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DOL Issues Guidance on Paid Leaves: Effective Date April 1 DOL Issues Guidance on Paid Leaves: Effective Date April 1

DOL Issues Guidance on Paid Leaves: Effective Date April 1

On March 24, 2020, the Department of Labor (DOL) issued two fact sheets (one for employees and one for employers) and a Q&A related to the leaves required by the Families First Coronavirus Response Act. These are the first pieces of guidance we received from the DOL on the leaves. We expect the DOL will update the Q&A and provide further guidance as the week progresses, including the poster, which it previously stated would be ready March 25th. One of the most notable statements in the Q&A is that the leaves must be provided starting on April 1, 2020, not April 2, 2020, as previously thought. In addition, the Q&A clearly states that the leave requirements are not retroactive. An employer cannot deny an employee the paid leave required as of April 1 because the employer provided paid leave before April 1 for one of the covered reasons. In other words, if you are providing paid leave now, you will be required to provide additional paid leave as of April 1 (if you are a covered employer).
The Q&A also includes guidance on calculating the number of employees for purposes of the 500-employee threshold. In short, employers should include all employees in the United States or any US territory, including those employees who are shared with a temporary agency or jointly employed with another employer. Independent contractors should not be included. If a company holds an ownership interest in another company, the employee count may be combined if the companies are either joint employers or integrated employers. These are very fact-specific determinations that should be completed with the assistance of counsel.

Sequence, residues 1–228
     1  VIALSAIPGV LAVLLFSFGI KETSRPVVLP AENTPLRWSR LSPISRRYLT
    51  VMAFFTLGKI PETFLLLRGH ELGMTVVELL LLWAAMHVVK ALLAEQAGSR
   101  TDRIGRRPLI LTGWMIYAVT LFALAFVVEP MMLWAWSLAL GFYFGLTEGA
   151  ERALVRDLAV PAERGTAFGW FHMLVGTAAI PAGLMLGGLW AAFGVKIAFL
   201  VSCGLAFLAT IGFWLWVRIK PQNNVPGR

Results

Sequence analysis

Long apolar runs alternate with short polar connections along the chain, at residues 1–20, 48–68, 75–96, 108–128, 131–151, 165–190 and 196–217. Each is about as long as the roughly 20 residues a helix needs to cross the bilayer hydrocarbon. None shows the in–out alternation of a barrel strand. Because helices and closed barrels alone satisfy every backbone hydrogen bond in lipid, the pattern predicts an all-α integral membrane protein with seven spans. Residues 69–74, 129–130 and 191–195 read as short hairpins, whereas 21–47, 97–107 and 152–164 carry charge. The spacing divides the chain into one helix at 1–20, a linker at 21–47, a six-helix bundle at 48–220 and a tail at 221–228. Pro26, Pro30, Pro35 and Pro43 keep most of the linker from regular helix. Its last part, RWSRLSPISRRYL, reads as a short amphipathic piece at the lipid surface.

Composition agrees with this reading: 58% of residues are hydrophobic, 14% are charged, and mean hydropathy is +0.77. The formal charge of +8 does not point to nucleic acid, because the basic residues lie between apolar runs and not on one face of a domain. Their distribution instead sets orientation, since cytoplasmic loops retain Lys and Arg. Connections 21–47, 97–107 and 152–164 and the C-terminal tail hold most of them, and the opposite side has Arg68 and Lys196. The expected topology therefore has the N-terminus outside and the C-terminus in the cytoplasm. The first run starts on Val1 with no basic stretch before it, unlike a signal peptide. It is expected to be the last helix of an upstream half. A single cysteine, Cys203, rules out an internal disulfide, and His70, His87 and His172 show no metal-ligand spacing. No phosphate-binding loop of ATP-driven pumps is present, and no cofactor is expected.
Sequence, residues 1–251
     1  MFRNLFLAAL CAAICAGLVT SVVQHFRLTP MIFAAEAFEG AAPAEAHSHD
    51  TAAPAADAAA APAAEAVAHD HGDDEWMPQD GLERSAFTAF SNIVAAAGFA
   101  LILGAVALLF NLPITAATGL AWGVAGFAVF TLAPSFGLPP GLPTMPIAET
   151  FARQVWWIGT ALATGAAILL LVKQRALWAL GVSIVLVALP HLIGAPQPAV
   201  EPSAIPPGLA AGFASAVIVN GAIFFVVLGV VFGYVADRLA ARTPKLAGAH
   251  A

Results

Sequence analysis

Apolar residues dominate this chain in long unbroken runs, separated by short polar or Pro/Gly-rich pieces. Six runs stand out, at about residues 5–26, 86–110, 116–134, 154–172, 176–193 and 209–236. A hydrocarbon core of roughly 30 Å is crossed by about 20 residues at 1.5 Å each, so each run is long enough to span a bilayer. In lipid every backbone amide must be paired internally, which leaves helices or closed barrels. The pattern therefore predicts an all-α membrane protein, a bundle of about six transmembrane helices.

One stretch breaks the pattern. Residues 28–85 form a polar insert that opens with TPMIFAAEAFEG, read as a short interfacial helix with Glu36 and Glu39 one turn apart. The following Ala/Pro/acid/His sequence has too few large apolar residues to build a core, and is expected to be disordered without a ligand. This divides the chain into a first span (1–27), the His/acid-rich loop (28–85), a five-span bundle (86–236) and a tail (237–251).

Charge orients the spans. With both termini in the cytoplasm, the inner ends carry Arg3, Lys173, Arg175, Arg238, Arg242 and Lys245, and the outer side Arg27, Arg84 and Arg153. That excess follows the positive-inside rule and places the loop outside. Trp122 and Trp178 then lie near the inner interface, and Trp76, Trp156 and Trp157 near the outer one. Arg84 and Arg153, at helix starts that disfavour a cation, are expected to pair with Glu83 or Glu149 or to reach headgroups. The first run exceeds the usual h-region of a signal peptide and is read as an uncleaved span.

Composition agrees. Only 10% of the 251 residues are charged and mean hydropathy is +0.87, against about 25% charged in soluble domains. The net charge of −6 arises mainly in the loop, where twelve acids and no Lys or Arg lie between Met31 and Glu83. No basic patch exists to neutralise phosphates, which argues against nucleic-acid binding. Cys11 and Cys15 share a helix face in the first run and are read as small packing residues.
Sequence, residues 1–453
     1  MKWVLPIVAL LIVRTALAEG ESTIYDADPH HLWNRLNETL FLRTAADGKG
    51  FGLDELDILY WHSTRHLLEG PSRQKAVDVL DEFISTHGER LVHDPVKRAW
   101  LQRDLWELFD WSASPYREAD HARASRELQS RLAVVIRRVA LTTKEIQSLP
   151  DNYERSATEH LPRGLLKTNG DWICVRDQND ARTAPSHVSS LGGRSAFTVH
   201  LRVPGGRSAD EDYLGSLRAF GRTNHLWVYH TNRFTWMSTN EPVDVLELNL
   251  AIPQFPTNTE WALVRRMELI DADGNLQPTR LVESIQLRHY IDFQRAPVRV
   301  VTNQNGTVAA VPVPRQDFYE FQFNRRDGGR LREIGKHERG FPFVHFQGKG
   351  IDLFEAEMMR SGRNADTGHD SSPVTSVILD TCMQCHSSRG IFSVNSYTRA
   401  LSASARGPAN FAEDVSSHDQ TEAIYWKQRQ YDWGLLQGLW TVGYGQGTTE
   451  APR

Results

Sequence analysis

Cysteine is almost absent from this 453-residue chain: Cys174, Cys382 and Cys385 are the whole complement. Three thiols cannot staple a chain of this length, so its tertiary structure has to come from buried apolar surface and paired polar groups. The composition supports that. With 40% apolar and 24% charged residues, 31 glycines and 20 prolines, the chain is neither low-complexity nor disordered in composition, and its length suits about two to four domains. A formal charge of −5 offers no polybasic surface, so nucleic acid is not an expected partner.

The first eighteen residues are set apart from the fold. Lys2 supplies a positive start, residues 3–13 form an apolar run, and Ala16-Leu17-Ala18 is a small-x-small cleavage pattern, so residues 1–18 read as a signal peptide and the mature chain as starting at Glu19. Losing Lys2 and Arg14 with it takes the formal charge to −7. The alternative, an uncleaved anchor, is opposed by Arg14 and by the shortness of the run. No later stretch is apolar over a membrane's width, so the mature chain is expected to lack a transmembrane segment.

The DOL also addresses how a business with less than 50 employees can use the small business exemption. The small business exemption applies if providing the paid leave would jeopardize the viability of the business as an ongoing concern. The DOL states the employer should document why the business meets the exemption criteria, which will be contained in forthcoming regulations. The employer does not need to file anything with the DOL.
The DOL also restates, with some clarification, how to calculate the pay due to employees. Specifically, the DOL confirms that overtime hours must be included in the calculation. The DOL provides an example that suggests an employee might exhaust the Emergency Paid Sick Leave in less than 2 weeks if the employee works more than 40 hours in a week. In addition, tips commission and other compensation must be included in the regular rate for purposes of calculating the amount owed to the employee for the paid leaves.
Finally, when calculating the number of days an employee has “been employed,” the employer must include any days on which the employee worked as a temporary employee prior to being hired by the employer.
We will continue to monitor the guidance issued by the DOL. If you have questions, please contact Tami Earnhart or any member of our Labor, Employment & Immigration Group.

This publication is intended for general information purposes only and does not and is not intended to constitute legal advice. The reader should consult with legal counsel to determine how laws or decisions discussed herein apply to the reader’s specific circumstances.

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